What is Hair Removal?
Hair removal (a.k.a. epilation or depilation) refers to the intentional removal of body hair. Hair removal is mostly done for aesthetic purposes. There are several methods of hair removal.
Temporary Hair Removal
Shaving and trimming are often used to temporarily remove hair for several hours to several days. These methods remove only the part of the hair exposed outside of the skin. Other methods, such as waxing, threading, and the use of certain drugs remove the entire hair from the hair follicle. All these methods give only temporary results and need to be repeated very often. Some methods may irritate the skin or the hair follicles, possibly causing ingrown hair (hair growing in the opposite direction) and inflammation.
Permanent Hair Removal
Currently, electrolysis is the only method of permanent hair removal recognized by the Food and Drug Administration (FDA) of the USA. The method comes in several varieties. In general, it removes hair by permanently damaging hair follicles with electricity.
Laser Hair Removal
Laser hair removal (and other light treatments) is likely today’s most common medical method of hair removal. Laser hair removal comes in many varieties. In general, an intense, pulsed beam of light is used to target the hair follicles. The beam passes through the skin and damages the follicles, effectively hindering/slowing hair growth. Special goggles for eyes protection, topical anesthetic, and cooling cream (or cool air) may be used.
The results of laser hair removal vary from person to person, and can often be affected by skin and hair color. Because laser hair removal works by targeting the melanin (color pigment) of the hair, it is more effective for people with light skin and dark hair. People with darker skin or lighter-colored hair may not benefit as much from laser hair removal. Treatments that may overcome these problems are under development.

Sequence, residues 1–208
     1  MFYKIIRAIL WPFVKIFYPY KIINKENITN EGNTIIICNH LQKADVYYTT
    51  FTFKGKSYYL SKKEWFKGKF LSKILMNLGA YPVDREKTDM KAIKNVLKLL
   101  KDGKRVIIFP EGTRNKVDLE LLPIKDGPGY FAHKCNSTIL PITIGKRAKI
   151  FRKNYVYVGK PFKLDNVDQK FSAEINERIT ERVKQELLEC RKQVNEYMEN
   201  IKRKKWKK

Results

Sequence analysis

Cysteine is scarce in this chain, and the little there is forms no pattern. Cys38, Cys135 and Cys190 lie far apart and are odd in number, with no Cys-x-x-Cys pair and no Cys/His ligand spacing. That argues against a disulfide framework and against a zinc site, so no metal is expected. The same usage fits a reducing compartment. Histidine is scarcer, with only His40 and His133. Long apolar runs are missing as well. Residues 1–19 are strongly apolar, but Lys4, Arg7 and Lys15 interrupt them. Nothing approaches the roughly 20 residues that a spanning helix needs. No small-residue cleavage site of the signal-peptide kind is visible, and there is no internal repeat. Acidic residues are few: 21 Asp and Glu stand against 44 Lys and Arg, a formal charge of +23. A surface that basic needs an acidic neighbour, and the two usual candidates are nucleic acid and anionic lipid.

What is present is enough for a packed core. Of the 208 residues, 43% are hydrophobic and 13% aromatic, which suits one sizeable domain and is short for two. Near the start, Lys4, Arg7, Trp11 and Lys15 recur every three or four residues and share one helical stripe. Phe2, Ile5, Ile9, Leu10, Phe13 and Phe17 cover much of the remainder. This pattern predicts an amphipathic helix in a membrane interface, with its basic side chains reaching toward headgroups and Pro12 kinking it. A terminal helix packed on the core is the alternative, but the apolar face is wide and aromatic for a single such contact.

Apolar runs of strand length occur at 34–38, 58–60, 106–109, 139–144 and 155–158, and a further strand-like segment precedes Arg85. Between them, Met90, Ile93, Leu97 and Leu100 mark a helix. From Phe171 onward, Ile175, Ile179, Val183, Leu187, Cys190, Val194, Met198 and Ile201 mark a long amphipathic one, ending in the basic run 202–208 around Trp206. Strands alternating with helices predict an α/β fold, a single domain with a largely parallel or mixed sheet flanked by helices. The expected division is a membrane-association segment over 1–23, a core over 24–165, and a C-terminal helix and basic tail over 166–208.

Laser hair removal does not guarantee permanent hair removal. While multiple treatments can prolong the effects (up to possibly years), periodic maintenance treatments are usually needed to maintain the results.
Risks & Side Effects
- The skin at the treated areas may darken or lighten. This is usually temporary and is more common among people with darker skin.
- Laser hair removal may cause severe eye injury if done to the eyelid or surrounding area. It is therefore not recommended for treating areas around the eyes.
- Some hair may be resistant to the treatment and regrow. The new hair is, however, usually finer and lighter in color.
- In some rare cases, the treatment can result in skin blistering, crusting, and scarring. Other changes in skin texture may also be caused.
- In some uncommon cases, hair may grow excessively in or around the treated areas.
If you are preparing to go for a laser hair removal treatment, here are what you should take note of:
- Avoid sunlight exposure. If you have a tan, wait for it to fade away completely before accepting a treatment.
- Avoid waxing, plucking, electrolysis and any hair removal method that may affects the hair follicles.
- Shaving or trimming before the treatment is recommended.
- Note: Make sure to check that your doctor is certified to perform the treatment.
After the Treatment
- You may experience hair shedding at the treated area (dead hair leaving the skin). This can be mistaken for hair regrowth.
- Treated areas may appear red and swelled for a few hours after the treatment. Ice (or steroid cream) can be applied to reduce discomfort.
- Avoid sunlight exposure (including tanning beds). Once your skin has healed, use sunscreen when you cannot avoid sunlight.
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